Deep in the interview President Trump granted to Time magazine, an interview predicated on Trump’s unfaithful relationship with the truth, the president offers a challenge to his interviewer.

“Name what’s wrong!” he said, after offering a string of examples where he said he’d been proven correct. “I mean, honestly.”

There was an enormous — an almost unbroken — list of things that were wrong with what Trump had said to that point. Whether he is unaware that he is wrong or simply uninterested is, remarkably, rather beside the point. He was wrong, explicitly and consistently.

Let’s run through his claims, in order.


Sweden. I make the statement, everyone goes crazy. The next day they have a massive riot, and death, and problems. … I talked about Sweden, and may have been somewhat different, but the following day, two days later, they had a massive riot in Sweden, exactly what I was talking about, I was right about that. … I’m talking about what Sweden has done to themselves is very sad, that is what I am talking about. That is what I am talking about. You can phrase it any way you want. A day later they had a horrible, horrible riot in Sweden and you saw what happened.

On Feb. 18, at one of his post-campaign campaign rallies, Trump exhorted the crowd to “look at what’s happening last night in Sweden” as an example of why his ban on immigration was important. Nothing had happened the night before in Sweden; Trump had apparently simply seen Sweden mentioned during a news broadcast on Fox News. Swedes were baffled.

One of the patterns that emerges in the claims Trump made to Time is that he’ll seize on any isolated incident, however tangential, as proof that his broad claim was correct. He leverages his own unreliability as an excuse to point to something else and say, “that, that’s what I was talking about.”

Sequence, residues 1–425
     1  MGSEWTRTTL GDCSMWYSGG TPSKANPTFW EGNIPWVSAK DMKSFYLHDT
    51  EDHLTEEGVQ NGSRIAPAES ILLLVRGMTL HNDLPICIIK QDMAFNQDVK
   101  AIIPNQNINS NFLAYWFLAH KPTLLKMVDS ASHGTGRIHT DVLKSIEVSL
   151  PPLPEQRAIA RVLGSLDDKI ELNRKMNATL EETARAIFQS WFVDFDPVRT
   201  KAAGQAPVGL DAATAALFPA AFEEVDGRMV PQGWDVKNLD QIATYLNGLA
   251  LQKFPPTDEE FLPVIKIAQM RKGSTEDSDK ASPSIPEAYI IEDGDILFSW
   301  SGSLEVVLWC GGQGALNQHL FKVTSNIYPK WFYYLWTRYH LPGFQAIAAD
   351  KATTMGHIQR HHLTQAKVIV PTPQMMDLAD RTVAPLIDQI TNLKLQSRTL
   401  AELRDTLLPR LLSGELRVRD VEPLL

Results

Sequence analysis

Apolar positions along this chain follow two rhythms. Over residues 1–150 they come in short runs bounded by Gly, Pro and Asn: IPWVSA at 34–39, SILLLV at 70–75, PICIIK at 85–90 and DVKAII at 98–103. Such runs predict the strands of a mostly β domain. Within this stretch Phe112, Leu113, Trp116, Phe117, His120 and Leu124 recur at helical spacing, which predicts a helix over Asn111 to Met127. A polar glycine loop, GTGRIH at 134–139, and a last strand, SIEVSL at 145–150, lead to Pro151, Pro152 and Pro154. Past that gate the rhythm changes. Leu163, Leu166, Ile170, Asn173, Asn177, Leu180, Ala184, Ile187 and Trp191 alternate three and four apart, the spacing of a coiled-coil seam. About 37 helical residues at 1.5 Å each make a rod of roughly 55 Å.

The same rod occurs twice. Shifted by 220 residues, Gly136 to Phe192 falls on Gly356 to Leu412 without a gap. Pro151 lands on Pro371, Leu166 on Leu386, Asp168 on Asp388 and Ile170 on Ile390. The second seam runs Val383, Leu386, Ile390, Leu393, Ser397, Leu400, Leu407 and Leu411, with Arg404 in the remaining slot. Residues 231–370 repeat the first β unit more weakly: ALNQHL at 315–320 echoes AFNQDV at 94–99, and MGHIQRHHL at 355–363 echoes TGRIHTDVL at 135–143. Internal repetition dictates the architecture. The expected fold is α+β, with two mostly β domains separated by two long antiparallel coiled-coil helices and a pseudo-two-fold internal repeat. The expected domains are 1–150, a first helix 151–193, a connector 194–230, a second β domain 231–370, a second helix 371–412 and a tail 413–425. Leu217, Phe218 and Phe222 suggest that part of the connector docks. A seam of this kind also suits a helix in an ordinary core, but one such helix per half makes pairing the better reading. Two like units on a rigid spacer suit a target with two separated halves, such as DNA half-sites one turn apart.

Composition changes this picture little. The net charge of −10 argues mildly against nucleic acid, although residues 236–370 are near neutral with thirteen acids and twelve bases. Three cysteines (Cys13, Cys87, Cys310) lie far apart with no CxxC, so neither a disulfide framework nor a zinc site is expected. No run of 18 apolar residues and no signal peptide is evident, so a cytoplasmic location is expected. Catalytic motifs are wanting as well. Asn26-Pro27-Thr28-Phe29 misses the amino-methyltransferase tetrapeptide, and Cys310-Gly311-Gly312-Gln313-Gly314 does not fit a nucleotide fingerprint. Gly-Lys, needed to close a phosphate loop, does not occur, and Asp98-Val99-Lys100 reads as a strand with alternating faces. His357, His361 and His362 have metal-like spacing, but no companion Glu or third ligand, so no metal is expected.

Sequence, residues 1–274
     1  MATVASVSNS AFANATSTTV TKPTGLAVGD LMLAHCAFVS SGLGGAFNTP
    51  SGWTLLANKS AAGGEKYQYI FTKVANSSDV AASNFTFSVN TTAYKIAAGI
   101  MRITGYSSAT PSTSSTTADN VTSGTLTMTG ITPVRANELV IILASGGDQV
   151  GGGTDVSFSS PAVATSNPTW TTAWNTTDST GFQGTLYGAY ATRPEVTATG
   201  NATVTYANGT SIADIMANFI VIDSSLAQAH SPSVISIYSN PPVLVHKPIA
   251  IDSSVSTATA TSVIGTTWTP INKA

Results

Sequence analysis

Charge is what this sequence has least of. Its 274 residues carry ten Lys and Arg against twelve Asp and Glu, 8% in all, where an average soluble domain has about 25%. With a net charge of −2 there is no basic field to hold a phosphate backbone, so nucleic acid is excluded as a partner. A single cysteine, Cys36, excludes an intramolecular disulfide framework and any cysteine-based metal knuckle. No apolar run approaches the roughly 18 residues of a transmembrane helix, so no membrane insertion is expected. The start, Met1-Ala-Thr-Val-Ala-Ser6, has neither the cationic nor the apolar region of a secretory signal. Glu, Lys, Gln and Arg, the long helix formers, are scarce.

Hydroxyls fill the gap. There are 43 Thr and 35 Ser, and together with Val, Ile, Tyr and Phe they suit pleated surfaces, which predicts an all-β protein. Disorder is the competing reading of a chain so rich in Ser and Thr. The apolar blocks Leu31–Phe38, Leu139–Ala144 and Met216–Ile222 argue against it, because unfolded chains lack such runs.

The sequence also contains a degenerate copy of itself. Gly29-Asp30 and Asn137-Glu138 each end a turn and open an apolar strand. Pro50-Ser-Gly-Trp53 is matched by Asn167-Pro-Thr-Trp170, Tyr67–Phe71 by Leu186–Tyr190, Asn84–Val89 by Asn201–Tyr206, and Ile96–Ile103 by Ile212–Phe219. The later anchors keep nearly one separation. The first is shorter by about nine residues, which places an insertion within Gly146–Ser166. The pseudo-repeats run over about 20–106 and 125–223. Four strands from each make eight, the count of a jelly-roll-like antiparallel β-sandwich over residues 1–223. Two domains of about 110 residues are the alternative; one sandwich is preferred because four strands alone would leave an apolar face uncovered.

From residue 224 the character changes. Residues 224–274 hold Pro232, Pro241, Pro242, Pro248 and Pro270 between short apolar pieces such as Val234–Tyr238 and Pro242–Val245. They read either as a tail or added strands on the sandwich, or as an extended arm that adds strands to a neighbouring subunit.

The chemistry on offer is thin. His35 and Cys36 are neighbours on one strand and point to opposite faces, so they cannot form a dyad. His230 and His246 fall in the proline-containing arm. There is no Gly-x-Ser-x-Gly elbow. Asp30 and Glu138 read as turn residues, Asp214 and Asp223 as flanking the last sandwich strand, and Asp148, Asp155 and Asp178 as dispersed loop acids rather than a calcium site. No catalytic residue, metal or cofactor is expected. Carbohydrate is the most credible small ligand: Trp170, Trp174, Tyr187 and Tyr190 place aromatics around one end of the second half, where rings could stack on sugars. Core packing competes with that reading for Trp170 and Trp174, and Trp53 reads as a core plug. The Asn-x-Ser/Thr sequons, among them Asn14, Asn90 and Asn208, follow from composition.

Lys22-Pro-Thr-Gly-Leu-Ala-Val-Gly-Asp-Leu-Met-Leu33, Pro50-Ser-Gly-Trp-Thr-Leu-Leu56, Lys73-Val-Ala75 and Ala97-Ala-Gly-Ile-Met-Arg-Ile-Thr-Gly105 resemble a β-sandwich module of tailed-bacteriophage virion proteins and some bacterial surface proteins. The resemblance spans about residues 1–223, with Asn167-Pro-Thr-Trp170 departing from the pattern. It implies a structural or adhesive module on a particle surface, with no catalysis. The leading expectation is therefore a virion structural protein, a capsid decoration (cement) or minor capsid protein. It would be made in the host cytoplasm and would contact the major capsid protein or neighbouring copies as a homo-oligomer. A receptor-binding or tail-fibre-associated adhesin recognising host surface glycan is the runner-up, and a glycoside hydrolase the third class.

So when a few days later there was a violent confrontation between police and a couple of dozen residents in a largely immigrant community after an arrest, that becomes a “horrible, horrible riot” and proof that Trump was right.

Anthony Weiner

Huma and Anthony, you know, what I tweeted about that whole deal, and then it turned out he had it, all of Hillary’s email on his thing.

Trump at one point tweeted this:

When Weiner’s laptop was seized as part of an unrelated investigation, the FBI apparently found that his wife, Huma Abedin, had at some point used it to check her email, triggering the resuscitation of the Hillary Clinton email investigation and, Clinton feels, her electoral loss. Weiner’s laptop had some of Abedin’s email and a number of emails between Clinton and Abedin. That is not what Trump tweeted.


NATO, obsolete, because it doesn’t cover terrorism. They fixed that, and I said that the allies must pay. Nobody knew that they weren’t paying. I did. I figured it.

Two untrue claims here. The first is that Trump was the motivator for an announced information-sharing plan aimed at addressing terrorism, which experts say was not due to Trump.

The second is more egregious: His repeated claim that NATO states owe some sort of dues that go unpaid. In reality, NATO states are supposed to commit 2 percent of their GDP to defense, a mark many don’t hit. That they don’t do so has certainly been raised before, including by former defense secretary Bob Gates in 2011.